“As the FCC moves toward a formal rulemaking on broadband privacy, it should consider the implications of what it uncovered in this investigation on children’s advertising”.
For years Verizon Wireless has been inserting unique identifier headers (UIDH) – known as “supercookies” – into its customers’ mobile Internet traffic.
After an initial backlash, Verizon allowed customers to opt out of its supercookie tracking program about a year ago. Supercookies are persistent, are always tied to your Verizon account, and originally were implemented for all customers – there was no opt-in or opt-out, supercookies followed you no matter where you went. While the FCC politely lauds Verizon’s cooperation in the investigation, these kinds of consumer protections are precisely what Verizon was trying to stop when it sued to cripple net neutrality (both in 2010 and again last year). While a federal appeals court mostly sided with Verizon, the ruling upheld the transparency rule that Verizon violated with its supercookies. But news reports in January 2015 claimed that a Verizon partner had used super cookies for unauthorized purposes, effectively overriding customers’ privacy choices. But Verizon’s decision to covertly fiddle with packets and track tens of millions of customers without bothering to tell any of them indicates just how well that plan actually worked in practice. Verizon uses them to deliver targeted ads to cellphone customers.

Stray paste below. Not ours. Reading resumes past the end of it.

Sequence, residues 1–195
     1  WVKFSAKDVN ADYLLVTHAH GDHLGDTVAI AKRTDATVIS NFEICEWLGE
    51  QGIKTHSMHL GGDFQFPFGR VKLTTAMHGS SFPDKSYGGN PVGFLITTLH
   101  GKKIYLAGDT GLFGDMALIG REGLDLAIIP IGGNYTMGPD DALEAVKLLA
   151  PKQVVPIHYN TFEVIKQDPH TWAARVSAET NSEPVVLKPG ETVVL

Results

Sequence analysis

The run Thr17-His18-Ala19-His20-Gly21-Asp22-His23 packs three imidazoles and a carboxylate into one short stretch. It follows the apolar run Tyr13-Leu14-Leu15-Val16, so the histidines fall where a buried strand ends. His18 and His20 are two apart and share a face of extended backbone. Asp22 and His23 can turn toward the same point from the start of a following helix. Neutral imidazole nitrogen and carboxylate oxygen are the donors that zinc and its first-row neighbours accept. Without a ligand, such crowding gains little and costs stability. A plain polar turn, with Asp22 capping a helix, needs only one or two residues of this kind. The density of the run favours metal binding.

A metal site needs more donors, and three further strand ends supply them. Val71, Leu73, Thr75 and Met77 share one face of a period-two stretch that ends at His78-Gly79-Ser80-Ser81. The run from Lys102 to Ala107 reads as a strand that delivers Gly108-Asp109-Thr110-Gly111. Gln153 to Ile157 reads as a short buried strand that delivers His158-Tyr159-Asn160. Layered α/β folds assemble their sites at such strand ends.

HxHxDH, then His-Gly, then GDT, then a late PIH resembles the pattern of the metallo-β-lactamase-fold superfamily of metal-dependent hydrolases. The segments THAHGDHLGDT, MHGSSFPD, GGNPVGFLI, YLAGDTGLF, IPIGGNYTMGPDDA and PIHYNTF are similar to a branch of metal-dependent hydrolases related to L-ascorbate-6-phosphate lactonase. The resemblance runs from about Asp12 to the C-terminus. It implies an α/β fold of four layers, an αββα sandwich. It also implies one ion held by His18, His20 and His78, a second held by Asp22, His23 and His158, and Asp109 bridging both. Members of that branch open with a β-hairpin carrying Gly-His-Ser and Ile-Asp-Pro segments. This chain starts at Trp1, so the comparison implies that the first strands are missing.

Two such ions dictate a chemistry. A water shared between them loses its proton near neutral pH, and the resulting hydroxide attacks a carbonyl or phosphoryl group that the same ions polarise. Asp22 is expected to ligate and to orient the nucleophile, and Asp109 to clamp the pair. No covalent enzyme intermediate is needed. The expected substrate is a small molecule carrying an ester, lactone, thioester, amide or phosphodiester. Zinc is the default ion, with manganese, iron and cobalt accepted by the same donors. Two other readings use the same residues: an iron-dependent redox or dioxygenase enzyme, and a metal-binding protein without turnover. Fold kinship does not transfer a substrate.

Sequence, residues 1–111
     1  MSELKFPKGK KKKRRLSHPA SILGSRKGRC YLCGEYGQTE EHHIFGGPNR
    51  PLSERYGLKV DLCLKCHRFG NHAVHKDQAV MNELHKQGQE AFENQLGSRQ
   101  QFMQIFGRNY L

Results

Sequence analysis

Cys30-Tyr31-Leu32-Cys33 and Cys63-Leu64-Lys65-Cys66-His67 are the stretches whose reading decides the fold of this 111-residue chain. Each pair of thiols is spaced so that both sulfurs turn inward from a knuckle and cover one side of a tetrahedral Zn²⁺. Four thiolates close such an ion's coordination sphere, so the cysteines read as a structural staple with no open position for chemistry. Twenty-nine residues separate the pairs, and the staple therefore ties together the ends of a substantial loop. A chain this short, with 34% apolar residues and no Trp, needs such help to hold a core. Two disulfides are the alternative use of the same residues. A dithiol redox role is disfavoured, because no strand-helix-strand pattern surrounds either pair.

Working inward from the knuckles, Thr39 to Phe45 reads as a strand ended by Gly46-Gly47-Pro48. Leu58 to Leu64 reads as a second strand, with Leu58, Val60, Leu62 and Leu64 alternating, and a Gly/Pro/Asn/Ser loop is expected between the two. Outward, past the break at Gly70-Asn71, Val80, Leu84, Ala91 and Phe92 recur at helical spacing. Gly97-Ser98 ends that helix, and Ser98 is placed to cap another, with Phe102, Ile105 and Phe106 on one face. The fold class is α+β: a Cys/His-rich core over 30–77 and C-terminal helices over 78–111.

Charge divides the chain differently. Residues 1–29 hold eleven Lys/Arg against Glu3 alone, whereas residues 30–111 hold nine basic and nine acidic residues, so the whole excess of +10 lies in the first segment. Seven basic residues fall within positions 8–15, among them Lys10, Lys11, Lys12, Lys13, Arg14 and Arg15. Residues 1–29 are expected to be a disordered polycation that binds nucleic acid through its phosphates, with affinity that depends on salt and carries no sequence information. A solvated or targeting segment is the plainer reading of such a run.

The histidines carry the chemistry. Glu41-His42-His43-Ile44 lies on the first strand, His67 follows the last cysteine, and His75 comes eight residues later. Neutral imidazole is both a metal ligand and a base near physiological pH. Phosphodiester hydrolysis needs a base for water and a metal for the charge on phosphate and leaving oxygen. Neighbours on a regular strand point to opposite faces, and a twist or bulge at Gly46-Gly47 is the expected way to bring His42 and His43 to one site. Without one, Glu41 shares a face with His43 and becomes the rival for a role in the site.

The FCC settlement says Verizon customers have to choose to opt in before the company shares the consumer data with a third party. “We will continue to give customers the information they need to decide what programs and services are right for them”.
The settlement is the second of the agency’s Open Internet enforcement actions.